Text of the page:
There is actually a long list of why you should include strength training in your program.
Increases your physical work capacity and improves your ability to perform activities of daily living. You will be able to work harder and longer with the proper weight training activities.
Improves bone density. One of the best ways you can control bone loss as you age is to add strength training into your workout plan.
Promotes fat-free body mass by decreasing sarcopenia. The lean muscle mass that we all work so hard for decreases with age. If we don’t add strength training to our routine then it will turn into fat.
Increases the strength of connective tissue, muscles, and tendons. This leads to improved motor performance and decreased injury risk.
Improves your quality of life. Strength training helps you gain body confidence not only by making you strong but also by helping you manage your weight.
Revs up your metabolism. Weight training increases type II muscle fibers, the kind you build when you lift weights, which improve whole-body metabolism.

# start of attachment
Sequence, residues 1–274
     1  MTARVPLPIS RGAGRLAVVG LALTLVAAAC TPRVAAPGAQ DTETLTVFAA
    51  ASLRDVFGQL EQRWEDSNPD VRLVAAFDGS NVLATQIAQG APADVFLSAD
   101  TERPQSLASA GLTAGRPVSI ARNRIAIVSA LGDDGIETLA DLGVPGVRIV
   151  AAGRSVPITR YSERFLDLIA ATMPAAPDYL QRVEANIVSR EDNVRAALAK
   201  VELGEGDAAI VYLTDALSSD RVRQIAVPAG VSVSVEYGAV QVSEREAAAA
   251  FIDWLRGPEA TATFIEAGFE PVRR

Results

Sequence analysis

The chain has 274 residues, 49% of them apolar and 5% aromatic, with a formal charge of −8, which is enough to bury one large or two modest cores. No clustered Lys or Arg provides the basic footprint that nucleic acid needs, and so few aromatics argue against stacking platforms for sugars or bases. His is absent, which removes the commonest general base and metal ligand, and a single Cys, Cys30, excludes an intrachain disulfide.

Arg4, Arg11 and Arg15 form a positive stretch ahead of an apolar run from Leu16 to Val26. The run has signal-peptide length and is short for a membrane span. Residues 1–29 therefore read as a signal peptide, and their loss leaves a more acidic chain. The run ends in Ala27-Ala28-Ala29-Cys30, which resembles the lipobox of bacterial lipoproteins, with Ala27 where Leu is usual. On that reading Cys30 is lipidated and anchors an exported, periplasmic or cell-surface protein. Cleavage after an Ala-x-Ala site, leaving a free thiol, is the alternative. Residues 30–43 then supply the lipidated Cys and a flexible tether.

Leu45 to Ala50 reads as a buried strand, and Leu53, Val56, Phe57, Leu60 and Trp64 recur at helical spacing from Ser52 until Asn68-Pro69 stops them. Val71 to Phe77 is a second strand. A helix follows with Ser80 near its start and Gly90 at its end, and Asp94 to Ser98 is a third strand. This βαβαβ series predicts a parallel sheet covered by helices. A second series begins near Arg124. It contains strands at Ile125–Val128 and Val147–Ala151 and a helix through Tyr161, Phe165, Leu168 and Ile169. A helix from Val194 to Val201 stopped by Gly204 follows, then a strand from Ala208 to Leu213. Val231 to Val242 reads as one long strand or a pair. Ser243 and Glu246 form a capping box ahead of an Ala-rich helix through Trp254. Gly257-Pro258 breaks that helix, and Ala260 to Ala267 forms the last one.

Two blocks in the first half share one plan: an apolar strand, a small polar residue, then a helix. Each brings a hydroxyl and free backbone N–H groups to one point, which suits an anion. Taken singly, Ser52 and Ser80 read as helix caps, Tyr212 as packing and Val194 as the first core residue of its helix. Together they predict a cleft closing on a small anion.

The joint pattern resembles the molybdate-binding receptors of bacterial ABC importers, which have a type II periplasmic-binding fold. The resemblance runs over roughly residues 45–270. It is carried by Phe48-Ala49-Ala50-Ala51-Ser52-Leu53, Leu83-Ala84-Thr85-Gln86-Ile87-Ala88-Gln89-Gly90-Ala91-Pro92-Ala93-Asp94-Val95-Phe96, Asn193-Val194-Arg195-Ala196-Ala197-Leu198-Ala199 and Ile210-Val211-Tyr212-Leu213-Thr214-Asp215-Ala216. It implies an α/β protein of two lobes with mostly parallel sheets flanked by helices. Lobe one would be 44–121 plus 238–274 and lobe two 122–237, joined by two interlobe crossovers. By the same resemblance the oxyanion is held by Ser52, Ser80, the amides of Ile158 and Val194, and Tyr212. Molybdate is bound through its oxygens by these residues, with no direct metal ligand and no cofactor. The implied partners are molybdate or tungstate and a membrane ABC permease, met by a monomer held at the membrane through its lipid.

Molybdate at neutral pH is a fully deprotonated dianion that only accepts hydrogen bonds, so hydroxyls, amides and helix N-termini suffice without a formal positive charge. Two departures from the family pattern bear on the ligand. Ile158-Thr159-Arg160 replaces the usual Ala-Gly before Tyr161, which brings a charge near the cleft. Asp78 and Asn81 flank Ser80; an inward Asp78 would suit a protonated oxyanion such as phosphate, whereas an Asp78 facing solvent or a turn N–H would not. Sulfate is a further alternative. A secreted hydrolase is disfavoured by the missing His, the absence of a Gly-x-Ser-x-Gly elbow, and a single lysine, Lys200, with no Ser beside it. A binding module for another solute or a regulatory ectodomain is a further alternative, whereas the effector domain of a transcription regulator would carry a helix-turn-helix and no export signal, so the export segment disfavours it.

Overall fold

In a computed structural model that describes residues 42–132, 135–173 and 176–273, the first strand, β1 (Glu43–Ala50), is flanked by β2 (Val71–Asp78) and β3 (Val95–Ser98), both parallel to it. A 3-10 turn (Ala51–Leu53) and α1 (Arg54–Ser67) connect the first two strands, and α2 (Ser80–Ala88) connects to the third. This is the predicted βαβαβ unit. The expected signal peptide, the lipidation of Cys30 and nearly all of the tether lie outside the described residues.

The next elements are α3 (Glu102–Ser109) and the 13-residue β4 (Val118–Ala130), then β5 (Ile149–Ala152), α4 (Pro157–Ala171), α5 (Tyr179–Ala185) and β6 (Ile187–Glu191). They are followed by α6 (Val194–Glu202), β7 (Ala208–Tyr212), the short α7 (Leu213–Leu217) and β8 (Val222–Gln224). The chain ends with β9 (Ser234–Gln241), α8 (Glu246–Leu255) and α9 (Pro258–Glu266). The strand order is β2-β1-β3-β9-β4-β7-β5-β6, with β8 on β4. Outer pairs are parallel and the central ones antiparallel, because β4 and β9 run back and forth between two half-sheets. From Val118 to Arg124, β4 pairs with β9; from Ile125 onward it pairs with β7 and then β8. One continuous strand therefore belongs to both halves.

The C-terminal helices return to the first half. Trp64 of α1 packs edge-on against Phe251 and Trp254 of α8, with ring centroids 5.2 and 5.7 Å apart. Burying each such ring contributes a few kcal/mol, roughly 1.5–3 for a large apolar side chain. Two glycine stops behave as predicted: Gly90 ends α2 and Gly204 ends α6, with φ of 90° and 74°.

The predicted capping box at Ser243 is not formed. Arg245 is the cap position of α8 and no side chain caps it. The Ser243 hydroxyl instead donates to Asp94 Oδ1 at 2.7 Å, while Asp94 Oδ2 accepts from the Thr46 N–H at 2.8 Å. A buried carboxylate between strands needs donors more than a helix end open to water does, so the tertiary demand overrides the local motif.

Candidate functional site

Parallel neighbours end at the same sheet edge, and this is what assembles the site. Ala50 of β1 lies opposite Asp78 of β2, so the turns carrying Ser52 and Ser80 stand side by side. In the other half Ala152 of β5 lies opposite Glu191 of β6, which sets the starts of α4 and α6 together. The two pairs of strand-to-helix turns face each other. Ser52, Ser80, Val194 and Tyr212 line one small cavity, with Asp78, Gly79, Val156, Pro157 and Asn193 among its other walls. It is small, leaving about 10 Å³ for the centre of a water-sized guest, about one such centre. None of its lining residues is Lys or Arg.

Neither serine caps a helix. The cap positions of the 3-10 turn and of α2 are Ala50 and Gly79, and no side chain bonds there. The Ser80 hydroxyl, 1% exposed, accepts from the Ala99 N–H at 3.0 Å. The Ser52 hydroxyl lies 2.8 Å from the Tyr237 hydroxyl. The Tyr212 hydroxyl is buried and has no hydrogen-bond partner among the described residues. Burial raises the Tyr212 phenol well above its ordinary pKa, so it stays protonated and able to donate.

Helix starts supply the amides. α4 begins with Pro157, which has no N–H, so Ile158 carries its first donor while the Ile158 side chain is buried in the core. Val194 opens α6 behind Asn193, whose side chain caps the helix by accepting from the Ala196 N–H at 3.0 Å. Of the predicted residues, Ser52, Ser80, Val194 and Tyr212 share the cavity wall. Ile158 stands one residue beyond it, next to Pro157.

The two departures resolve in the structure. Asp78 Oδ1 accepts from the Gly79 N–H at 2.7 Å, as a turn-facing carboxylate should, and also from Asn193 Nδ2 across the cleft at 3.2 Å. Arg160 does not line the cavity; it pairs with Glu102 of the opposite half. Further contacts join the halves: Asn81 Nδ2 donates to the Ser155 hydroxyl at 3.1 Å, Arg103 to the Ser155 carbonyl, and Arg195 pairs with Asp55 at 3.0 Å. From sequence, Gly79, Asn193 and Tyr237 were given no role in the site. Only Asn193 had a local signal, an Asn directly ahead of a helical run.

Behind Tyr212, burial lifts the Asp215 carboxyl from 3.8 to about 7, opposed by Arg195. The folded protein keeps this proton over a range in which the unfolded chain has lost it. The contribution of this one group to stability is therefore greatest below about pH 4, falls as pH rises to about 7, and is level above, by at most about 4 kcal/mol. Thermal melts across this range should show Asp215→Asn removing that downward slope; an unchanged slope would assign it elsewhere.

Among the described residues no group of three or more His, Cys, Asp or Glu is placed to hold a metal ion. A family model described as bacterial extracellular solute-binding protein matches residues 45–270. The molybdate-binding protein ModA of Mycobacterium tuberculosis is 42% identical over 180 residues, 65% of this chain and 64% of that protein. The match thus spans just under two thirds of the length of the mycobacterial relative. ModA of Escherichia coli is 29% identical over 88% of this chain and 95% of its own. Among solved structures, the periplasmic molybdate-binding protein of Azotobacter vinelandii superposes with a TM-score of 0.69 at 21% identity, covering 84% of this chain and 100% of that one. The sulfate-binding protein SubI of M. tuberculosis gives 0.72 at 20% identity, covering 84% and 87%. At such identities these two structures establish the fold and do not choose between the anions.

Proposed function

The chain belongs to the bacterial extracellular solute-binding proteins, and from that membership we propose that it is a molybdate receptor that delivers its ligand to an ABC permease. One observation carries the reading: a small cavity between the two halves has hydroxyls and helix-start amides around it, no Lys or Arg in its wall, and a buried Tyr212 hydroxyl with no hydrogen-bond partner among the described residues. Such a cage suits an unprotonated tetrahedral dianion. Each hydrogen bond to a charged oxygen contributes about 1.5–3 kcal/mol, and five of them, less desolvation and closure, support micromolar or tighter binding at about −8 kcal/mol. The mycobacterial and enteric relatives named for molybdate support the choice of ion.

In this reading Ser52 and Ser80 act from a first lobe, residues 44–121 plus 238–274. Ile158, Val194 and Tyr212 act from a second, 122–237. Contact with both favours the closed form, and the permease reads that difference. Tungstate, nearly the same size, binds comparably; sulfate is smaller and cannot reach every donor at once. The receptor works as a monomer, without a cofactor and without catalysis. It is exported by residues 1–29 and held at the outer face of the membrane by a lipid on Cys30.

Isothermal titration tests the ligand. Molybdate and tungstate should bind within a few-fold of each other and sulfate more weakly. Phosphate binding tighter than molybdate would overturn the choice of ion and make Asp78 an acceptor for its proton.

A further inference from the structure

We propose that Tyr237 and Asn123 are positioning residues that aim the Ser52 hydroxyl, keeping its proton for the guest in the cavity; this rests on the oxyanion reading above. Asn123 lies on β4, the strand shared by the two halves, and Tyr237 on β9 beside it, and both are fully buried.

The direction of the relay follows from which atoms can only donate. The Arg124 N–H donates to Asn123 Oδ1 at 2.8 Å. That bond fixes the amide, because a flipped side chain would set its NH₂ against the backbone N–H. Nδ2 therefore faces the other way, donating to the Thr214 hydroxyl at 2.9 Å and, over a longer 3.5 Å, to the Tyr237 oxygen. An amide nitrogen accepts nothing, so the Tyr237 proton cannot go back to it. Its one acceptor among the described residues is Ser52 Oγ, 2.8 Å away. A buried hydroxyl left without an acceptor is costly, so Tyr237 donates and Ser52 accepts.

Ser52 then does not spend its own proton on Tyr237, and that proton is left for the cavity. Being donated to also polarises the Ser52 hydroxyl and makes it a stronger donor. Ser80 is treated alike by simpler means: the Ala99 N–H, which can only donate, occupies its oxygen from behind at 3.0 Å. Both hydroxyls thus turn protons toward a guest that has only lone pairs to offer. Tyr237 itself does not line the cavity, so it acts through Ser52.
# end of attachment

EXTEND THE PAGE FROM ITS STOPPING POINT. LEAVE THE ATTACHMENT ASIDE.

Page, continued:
Promotes better heart health. Strength training improves blood flow through resistance exercise.
Improves blood sugar control. Strength training increases the growth of white muscle, which aids in lowering blood glucose because it uses glucose for energy.
Ups the IQ. Researchers found that resistance training resulted in beneficial cognitive functioning in older adults.
Fights the blues. Research suggests resistance training can release feel-good endorphins to help keep anxiety at bay, and may even help fight depression.
Boosts self-esteem. Lifting can help improve a person’s perceived body image.
Cuts down your cancer risk. Resistance training three times a week for six months led to reduced oxidative stress, which can lessen our cancer risk (So get lifting and fuel up with antioxidants to double-team disease.
Leads to better sleep. Weight lifting in particular can lead to a better night’s sleep. Exercise triggers an increase in body temperature, and the post-exercise drop in temperature may promote falling asleep. Exercise may also reduce insomnia by decreasing arousal, anxiety and depressive symptoms.